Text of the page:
House Transportation Committee Chairman Charles Busby, a Pascagoula Republican, says the plan could phase out Mississippi's 4 percent income tax bracket, which applies to yearly incomes between $5,001 and $10,000.
Photo by Imani Khayyam.
JACKSON, Miss. (AP) — Leaders of the Mississippi House of Representatives are considering a plan to reduce income taxes in exchange for higher fuel taxes to raise money for roads and bridges.
House Transportation Committee Chairman Charles Busby, a Pascagoula Republican, says the plan could phase out Mississippi's 4 percent income tax bracket, which applies to yearly incomes between $5,001 and $10,000. In exchange, Busby says lawmakers would impose an additional 12-cent-per-gallon tax on gasoline and 15-cent tax on diesel, phasing it in over four years as the income tax is phased out.
Mississippi Department of Revenue figures show removing the 4 percent bracket would cut $165 million in revenue, while fuel tax increases would add $302 million. Busby's plan would then automatically increase future gas taxes at the rate of inflation, a move he said is meant to prevent the need to revisit the issue.
Busby's plan also includes $300 yearly fees for electric vehicles and $150 yearly fees for gas-electric hybrid vehicles. That's meant to raise revenue from vehicle owners who use roads but pay less or no fuel tax.
The plan points to continuing Republican reluctance to consider an outright tax increase for roads and bridges, although legislative leaders agree with business groups who want the state to spend more on transportation. The House has made a series of proposals this year to earmark current or future revenue from other programs to roads and bridges, which could mean cuts to other programs. House Bill 722 , for example, would divert $100 million in taxes paid on internet and catalog sales to city and county road projects.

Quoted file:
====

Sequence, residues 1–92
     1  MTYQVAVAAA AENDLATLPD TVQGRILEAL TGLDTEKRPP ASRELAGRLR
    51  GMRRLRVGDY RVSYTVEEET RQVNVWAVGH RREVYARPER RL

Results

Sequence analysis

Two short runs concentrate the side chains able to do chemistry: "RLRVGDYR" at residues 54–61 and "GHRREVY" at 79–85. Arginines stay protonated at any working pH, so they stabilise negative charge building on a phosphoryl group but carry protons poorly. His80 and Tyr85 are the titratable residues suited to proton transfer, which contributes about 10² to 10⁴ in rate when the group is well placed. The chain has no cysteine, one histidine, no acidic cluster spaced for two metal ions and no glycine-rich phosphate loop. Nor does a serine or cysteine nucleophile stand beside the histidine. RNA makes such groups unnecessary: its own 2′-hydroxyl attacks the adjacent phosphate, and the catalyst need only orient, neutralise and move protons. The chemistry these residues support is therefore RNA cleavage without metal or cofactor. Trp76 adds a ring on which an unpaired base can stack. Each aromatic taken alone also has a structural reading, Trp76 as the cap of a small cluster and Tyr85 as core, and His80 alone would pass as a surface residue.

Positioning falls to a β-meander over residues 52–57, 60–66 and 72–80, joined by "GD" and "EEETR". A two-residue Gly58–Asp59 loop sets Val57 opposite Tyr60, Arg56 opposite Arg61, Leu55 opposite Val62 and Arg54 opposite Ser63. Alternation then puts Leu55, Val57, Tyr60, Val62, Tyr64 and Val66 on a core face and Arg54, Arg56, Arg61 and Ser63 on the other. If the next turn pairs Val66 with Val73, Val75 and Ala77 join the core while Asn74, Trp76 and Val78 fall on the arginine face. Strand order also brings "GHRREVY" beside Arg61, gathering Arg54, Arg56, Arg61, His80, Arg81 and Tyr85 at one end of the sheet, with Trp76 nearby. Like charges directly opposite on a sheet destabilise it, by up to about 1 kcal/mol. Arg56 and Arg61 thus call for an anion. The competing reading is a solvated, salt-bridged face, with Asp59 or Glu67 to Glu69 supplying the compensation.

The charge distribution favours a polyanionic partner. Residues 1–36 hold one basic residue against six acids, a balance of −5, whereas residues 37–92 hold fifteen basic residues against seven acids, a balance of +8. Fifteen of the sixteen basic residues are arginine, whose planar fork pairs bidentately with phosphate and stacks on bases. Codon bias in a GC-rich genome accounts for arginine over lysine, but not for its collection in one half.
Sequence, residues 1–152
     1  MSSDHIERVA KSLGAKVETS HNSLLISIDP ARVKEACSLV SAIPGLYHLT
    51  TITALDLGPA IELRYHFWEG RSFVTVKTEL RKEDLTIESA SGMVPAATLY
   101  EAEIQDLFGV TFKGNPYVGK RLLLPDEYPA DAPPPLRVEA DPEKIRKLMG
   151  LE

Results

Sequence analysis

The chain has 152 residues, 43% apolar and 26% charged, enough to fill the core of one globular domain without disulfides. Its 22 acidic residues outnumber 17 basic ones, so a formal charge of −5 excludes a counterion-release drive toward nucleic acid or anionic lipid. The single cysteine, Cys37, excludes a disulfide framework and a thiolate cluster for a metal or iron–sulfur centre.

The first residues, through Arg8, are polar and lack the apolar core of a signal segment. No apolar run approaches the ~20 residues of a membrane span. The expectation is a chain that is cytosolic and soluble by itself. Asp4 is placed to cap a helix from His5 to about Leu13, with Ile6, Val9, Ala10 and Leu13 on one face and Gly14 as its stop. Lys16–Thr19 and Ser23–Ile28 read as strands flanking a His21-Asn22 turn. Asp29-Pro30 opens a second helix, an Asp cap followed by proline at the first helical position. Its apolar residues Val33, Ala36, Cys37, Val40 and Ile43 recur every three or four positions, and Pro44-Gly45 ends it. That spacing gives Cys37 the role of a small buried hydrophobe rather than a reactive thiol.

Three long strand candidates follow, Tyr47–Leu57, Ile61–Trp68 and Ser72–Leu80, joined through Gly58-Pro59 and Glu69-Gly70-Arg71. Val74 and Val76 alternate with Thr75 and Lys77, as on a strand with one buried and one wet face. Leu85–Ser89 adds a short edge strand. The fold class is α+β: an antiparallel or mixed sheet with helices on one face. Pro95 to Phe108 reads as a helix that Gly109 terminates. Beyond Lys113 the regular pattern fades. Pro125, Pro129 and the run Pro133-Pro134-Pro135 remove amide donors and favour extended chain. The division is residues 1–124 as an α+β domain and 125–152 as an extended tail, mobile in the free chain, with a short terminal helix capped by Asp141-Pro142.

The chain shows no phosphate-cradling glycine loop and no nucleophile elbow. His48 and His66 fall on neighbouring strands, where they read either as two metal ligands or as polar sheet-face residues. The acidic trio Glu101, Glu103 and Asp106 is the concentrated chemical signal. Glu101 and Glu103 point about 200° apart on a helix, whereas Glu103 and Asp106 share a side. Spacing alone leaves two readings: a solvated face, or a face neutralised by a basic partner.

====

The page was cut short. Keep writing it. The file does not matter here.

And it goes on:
Lt. Gov. Tate Reeves has yet to publicly offer a plan.
Rep. Robert Johnson III, a Natchez Democrat who formerly chaired the Transportation Committee, said he would oppose any further reductions to state revenue. Overall state spending was budgeted to fall about 10 percent this year.
"We don't have budget that can sustain a cut right now," Johnson said.
The move could also shift tax burdens from higher-income residents to lower-income residents, said Sara Miller, senior policy analyst for the Hope Policy Institute, which lobbies for more economic opportunity for poor people.
"Any time you swap a tax that's based on someone's ability to pay with a consumption based tax, like a sales tax or fuel tax, your overall tax structure is going to become more regressive, requiring more of those who have the least ability to pay," Miller wrote in an email, also saying that Hope thinks cutting other revenue is misguided, citing struggles to pay for public services.
Lawmakers voted in 2016 to phase out Mississippi's 3 percent income tax on the first $5,000 of income, part of more than $750 million in tax cuts and changes Republican-led lawmakers have adopted since the GOP took full legislative control in 2012.
Cutting the 4 percent bracket would leave the state with only a flat 5 percent tax on income above $10,000 a year. However the phase-out of the 3-percent income tax bracket, which begins this year, won't be complete until 2022. Busby said more study is needed to figure out how to mesh his plan and the existing tax cut.
Derrick Surrette, executive director of the Mississippi Association of Supervisors, said he hasn't had time to examine the proposal, but said as long as counties and cities maintained their current share of revenues, it would probably be acceptable. However, he questioned whether Republican lawmakers would vote for any gas tax increase.
"Can it pass, because everybody has been so afraid of raising the fuel tax at the pump," Surette said.
Busby said the House Republican Caucus hasn't yet agreed to support the plan, meaning it could go nowhere, despite House Speaker Philip Gunn's support. Tax cuts and increases need a 60 percent supermajority to pass the Mississippi Legislature.